NYC Foster System: How to Continue Your Education

Ryan Villanueva
Dec 4, 2016 · 3 min read

Continuing your education while transitioning out of the foster care system.

“Do everything beforehand. Deadlines are not your friend.”

“It’s always good to ask about programs. I didn’t find out about ETV until very late and I’d already taken out loans. I wouldn’t have had to pay so much in interest.”

  1. Apply for an Education and Training Voucher (ETV) as soon as possible.
  2. Write down financial aid deadlines in your calendar.
  3. Read about how financial aid programs work.
  4. Read about to CUNY programs specifically for foster youth.
  5. Apply for the Charles Evans Emergency Education Fund.
  6. Ask your foster care agency about education programs.

“It’s pretty easy. Usually you’ll get a coordinator and they’ll tell you to ask for transcripts, especially when a new semester starts. You have an application process and fill out as to why you need it. Some give grants and ETV helps pay interest.”

This is a federal program specifically for foster care students that can provide up to $5,000 for education expenses. Apply as soon as possible, since it is given out on a first come, first served basis. If you apply earlier, you’ll have a better chance of getting money.

Apply now

“I would definitely recommend ETV as a good funding advocate. You actually speak every month with a coordinator to see how school is going, what classes you’re taking.”

The ACS has recently partnered with the CUNY school system to offer special programs for foster youth. These programs can allow free dormitory housing (a good alternative to NYCHA), significant financial support, and counseling.

Find out more

You may have to take out loans, especially for non-CUNY schools. This can seem like a confusing process, but the goods news is that foster youth usually qualify for financial aid programs. Because foster youth usually have zero on expected family contributions, that means you’re automatically qualified for a Pell Grant.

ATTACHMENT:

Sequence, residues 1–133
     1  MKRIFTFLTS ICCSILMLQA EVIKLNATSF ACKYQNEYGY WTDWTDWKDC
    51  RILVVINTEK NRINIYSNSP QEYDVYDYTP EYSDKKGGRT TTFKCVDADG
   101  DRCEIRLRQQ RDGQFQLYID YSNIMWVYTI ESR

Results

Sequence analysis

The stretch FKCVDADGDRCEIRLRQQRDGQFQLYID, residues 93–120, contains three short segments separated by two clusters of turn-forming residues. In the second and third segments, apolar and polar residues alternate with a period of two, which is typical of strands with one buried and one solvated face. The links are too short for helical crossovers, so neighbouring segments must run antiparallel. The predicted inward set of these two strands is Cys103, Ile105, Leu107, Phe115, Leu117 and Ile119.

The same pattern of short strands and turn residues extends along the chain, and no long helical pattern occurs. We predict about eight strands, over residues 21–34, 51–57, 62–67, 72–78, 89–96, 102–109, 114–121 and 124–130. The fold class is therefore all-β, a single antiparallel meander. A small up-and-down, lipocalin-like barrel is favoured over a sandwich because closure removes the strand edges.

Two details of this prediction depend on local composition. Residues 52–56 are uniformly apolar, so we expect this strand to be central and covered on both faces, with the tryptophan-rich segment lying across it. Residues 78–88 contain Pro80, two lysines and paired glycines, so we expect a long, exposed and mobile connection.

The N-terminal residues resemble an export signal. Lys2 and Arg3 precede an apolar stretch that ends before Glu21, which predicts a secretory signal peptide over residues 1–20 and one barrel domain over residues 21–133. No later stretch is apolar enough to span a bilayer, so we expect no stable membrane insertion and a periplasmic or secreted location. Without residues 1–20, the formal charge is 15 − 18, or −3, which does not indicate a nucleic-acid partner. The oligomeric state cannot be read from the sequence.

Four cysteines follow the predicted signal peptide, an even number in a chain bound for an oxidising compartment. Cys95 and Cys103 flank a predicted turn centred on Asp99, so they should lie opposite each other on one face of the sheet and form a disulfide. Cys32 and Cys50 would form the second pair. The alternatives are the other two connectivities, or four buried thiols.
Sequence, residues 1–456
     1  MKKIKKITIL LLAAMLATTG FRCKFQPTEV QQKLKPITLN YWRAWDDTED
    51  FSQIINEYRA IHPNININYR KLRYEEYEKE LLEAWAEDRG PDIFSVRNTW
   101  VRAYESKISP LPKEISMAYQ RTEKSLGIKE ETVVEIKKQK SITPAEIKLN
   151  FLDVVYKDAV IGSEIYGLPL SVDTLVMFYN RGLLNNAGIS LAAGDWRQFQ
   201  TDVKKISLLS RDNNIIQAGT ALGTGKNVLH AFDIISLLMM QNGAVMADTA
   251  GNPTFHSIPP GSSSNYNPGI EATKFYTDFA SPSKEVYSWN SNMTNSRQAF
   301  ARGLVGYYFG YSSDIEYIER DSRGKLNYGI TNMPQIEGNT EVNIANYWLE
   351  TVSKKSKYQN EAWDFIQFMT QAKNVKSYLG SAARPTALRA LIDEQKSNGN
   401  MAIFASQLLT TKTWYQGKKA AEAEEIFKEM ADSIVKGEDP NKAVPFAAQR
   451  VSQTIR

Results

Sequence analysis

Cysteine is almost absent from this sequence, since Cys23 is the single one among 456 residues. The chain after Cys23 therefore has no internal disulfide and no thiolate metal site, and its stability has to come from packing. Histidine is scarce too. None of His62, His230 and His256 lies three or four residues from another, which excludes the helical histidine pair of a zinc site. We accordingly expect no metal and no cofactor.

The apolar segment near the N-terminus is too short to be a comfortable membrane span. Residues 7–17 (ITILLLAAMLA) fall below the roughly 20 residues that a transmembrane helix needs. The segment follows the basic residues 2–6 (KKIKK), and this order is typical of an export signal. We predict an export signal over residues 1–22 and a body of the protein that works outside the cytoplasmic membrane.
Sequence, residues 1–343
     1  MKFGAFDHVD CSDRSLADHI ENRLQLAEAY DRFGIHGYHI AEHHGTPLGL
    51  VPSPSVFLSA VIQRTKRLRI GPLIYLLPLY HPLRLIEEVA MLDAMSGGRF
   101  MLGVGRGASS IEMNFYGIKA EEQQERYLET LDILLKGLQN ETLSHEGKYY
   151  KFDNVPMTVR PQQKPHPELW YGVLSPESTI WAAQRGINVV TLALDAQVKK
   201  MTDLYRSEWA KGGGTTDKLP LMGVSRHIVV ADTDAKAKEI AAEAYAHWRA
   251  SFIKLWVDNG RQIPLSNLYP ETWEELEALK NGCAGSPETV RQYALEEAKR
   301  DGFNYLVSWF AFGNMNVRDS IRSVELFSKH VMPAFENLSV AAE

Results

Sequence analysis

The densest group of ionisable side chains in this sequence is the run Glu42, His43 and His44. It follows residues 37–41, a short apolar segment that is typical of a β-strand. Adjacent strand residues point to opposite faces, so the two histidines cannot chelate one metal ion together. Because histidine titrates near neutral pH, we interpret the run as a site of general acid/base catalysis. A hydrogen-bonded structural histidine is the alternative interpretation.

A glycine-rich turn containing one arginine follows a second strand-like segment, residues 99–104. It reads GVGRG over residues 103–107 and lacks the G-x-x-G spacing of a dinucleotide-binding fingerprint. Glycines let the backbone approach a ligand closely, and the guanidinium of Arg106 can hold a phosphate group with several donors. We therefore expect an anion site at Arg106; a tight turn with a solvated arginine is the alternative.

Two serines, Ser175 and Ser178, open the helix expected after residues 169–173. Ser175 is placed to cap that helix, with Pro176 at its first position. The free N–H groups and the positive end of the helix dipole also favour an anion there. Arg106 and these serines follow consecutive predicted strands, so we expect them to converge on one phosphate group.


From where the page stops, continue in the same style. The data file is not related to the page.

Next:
There’s more to financial aid than we can talk about here, but you should read up on how to fill them out — they can give you a signifiant amount of money for your education.

Do your step by step walkthrough here.

The Charles Evans Emergency Education Fund is a program specifically for youth in or aging out of foster care. They accept applications on a rolling basis, which means you can apply any time of the year but should also apply as soon as possible. It’s run in partnership with ACS, so you can talk to your case worker about more details.

Apply here

“Ask your agency, because some have special benefits and incentives for being college.”

Some foster agencies have special programs for education. For instance, HeartShare St. Vincent’s offers the American Dream Scholars program. They offer rewards for being in college like a monthly metro card, a stipend every month, and different trips. They also offer grade incentives where you get money based on your grade.

You should ask your agency specifically about education programs.

  1. How to get housing
  2. How to continue your education
  3. How to get a job

This is an project developed at #hackfostercarenyc and based off interviews from youth from the foster care system. It is not written or endorsed by the NYC Administration for Children’s Service.

Aging Out NYC

An unofficial guide to transitioning out of the foster care…

Aging Out NYC

An unofficial guide to transitioning out of the foster care system in NYC.

Ryan Villanueva

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Full-stack developer and product strategist

Aging Out NYC

An unofficial guide to transitioning out of the foster care system in NYC.